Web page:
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A Dictionary of American Politics: Comprising Accounts of Political Parties ...
Uten tilgangsbegrensning - 1888
1888 is estimated Adams adopted Alabama claims amendment American Annexations applied appointed army Article banks bill bonds born Britain called candidate cent citizens Civil claimed Clause coinage committee Congress Constitution convention debt December declared defeated Democratic party Democratic-Republican party District duties elected electoral votes England executive favor federal Federalists foreign France Free Soil party Governor granted House of Representatives Indian Jackson James January Jefferson John John Quincy Adams July June Kentucky known labor land legislation Legislature Louisiana Louisiana purchase March Massachusetts ment Missouri Missouri Compromise navy nominated North Ohio opposed organization passed Pennsylvania persons political population in 1880 President presidential prohibited protection Republican party revenue Secretary Senate silver slavery slaves South Carolina Supreme Court tariff term Territory tion Treasury treaty Union United United States Senator vessels veto Vice-President Virginia Washington Whigs William York
Side 209 - It is our true policy to steer clear of permanent alliances with any portion of the foreign world; so far, I mean, as we are now at liberty to do it; for let me not be understood as capable of patronizing infidelity to existing engagements. I hold the maxim no less applicable to public than to private affairs, that honesty is always the best policy I repeat it, therefore, let those engagements be observed in their genuine sense. But, in my opinion, it is unnecessary and would be unwise to extend...
Side 208 - Against the insidious wiles of foreign influence (I conjure you to believe me, fellow-citizens), the jealousy of a free people ought to be constantly awake; since history and experience prove that foreign influence is one of the most baneful foes of republican government.
Side 207 - Promote then, as an object of primary importance, institutions for the general diffusion of knowledge. In proportion as the structure of a government gives force to public opinion, it is essential that public opinion should be enlightened.
Side 203 - Hence, likewise, they will avoid the necessity of those overgrown military establishments which, under any form of government, are inauspicious to liberty, and which are to be regarded as particularly hostile to republican liberty; in this sense it is that your union ought to be considered as a main prop of your liberty, and that the love of the one ought to endear to you the preservation of the other.
Side 203 - In contemplating the causes which may disturb our union, it occurs as a matter of serious concern, that any ground should have been furnished for characterizing parties by Geographical discriminations: Northern and Southern; Atlantic and Western; whence designing men may endeavor to excite a belief that there is a real difference of local interests and views.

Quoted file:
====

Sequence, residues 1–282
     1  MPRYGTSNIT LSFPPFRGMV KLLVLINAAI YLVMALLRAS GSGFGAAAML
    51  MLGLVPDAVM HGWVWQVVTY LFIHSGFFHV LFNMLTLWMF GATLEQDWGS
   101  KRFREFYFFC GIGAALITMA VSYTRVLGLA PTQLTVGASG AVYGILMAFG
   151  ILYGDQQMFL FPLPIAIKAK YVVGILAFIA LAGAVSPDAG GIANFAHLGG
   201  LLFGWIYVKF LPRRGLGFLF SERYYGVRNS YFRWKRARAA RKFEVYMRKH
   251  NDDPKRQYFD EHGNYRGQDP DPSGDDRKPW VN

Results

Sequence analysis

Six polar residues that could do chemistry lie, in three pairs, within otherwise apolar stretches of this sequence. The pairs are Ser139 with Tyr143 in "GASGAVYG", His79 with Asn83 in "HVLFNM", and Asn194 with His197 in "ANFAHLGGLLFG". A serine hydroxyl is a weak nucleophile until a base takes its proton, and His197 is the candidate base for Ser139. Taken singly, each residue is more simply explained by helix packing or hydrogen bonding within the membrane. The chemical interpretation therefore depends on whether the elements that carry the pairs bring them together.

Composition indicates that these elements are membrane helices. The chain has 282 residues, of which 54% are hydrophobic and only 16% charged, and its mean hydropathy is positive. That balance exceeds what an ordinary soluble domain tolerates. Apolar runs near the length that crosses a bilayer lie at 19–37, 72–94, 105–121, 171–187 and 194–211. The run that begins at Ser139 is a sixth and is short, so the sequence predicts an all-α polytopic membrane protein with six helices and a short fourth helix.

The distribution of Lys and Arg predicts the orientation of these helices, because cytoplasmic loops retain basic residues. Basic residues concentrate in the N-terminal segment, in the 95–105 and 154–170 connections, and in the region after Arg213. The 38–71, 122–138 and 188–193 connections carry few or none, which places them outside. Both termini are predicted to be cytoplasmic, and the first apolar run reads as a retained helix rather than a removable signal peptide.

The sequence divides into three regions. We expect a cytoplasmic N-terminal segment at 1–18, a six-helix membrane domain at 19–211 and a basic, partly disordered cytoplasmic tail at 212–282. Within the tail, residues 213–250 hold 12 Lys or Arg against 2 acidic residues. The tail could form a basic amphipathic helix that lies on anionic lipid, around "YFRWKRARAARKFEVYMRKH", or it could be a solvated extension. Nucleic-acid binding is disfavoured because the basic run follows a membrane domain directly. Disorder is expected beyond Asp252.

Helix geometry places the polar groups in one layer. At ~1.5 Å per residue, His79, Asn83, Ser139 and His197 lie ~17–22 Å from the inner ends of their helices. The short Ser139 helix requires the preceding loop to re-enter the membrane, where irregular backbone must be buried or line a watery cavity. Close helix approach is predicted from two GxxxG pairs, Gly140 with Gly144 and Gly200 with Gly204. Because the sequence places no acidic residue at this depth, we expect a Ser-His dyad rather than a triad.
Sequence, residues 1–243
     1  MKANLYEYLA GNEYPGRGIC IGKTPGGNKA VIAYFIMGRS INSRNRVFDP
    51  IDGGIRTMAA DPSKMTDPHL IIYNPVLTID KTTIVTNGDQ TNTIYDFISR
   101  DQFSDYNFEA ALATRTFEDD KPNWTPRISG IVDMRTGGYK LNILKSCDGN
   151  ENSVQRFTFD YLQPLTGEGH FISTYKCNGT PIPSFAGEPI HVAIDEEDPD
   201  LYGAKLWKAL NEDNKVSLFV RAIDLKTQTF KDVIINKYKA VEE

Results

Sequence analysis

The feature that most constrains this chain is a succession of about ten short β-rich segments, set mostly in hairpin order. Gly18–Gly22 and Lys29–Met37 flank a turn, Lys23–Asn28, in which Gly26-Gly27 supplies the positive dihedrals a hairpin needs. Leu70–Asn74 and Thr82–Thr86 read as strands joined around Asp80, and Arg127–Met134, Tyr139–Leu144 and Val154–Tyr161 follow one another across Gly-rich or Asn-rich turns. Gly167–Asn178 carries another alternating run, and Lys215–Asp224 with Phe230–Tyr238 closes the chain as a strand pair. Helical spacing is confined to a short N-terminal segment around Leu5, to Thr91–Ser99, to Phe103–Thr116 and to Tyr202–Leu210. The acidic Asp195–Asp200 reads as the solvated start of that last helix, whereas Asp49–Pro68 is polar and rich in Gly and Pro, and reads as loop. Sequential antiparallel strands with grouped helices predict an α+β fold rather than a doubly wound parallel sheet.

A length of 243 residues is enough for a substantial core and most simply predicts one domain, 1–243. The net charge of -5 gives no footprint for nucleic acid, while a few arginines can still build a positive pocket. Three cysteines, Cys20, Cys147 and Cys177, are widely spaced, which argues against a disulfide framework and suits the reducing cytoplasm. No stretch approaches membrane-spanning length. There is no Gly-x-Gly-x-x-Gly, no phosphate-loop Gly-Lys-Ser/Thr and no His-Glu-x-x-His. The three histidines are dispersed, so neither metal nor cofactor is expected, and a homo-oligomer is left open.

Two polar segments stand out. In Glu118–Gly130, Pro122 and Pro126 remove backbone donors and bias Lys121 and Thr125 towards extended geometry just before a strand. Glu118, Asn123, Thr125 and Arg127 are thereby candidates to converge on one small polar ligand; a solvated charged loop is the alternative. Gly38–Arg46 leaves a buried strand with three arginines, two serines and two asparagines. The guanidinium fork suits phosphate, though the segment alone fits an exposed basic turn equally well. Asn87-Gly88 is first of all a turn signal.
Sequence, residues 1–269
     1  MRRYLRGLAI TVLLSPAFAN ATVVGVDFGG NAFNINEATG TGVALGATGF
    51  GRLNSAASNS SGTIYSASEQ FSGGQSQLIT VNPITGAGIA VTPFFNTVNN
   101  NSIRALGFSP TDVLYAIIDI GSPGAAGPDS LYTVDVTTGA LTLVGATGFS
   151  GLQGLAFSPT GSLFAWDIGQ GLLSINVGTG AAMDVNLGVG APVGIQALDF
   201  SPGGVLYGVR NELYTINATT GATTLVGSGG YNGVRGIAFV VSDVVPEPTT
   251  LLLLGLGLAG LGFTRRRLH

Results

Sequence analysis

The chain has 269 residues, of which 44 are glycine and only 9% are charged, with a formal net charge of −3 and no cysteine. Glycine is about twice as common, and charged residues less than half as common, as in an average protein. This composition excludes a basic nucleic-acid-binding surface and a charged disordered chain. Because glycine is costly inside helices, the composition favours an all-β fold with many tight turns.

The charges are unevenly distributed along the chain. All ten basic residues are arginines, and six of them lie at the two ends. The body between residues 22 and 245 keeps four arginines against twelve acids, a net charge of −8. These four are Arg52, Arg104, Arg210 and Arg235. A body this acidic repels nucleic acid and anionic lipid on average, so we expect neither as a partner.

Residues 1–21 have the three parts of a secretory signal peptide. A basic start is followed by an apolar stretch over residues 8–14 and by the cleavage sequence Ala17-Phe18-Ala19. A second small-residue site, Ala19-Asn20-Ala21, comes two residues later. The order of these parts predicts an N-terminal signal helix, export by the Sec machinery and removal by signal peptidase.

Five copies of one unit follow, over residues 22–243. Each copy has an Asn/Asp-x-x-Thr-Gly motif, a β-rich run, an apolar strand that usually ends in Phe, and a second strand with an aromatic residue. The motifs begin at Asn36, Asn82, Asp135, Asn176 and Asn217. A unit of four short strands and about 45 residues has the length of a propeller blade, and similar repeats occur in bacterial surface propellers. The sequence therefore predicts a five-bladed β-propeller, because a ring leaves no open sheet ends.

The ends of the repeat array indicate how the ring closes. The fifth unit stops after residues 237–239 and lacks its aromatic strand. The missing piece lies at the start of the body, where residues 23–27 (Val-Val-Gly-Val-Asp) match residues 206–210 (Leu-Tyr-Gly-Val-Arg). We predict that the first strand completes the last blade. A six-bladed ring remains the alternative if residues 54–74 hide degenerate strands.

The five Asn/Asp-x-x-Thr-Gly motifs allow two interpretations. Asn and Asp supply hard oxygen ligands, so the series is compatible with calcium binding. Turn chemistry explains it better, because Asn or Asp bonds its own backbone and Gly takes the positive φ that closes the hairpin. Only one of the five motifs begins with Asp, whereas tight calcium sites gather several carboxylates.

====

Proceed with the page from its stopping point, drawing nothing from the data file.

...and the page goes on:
Side 159 - For cutting off our trade with all parts of the world : For imposing taxes on us without our consent : For depriving us, in many cases, of the benefits of trial by jury: For transporting us beyond seas to be tried for pretended offenses : For abolishing the free system of English laws in a neighboring province...
Side 206 - The mere politician, equally with the pious man, ought to respect and to cherish them. A volume could not trace all their connections with private and public felicity. Let it simply be asked where is the security for property, for reputation, for life, if the sense of religious obligation DESERT the oaths, which are the instruments of investigation in courts of justice ; and let us with caution indulge the supposition, that morality can be maintained without religion.
Side 35 - For the more convenient management of the general interests of the United States, delegates shall be annually appointed in such manner as the legislature of each State shall direct, to meet in Congress on the first Monday in November, in every year...
Side 206 - The spirit of encroachment tends to consolidate the powers of all the departments in one, and thus to create, whatever the form of government, a real despotism. A just estimate of that love of power and proneness to abuse it, which predominates in the human heart, is sufficient to satisfy us of the truth of this position.
Side 39 - ... or military operations, as in their judgment require secrecy ; and the yeas and nays of the delegates of each state on any question shall be entered on the journal, when it is desired by any delegate ; and the delegates of a state, or any of them, at his or their request, shall be furnished with a transcript of the said journal, except such parts as are above excepted, to lay before the legislatures of the several states.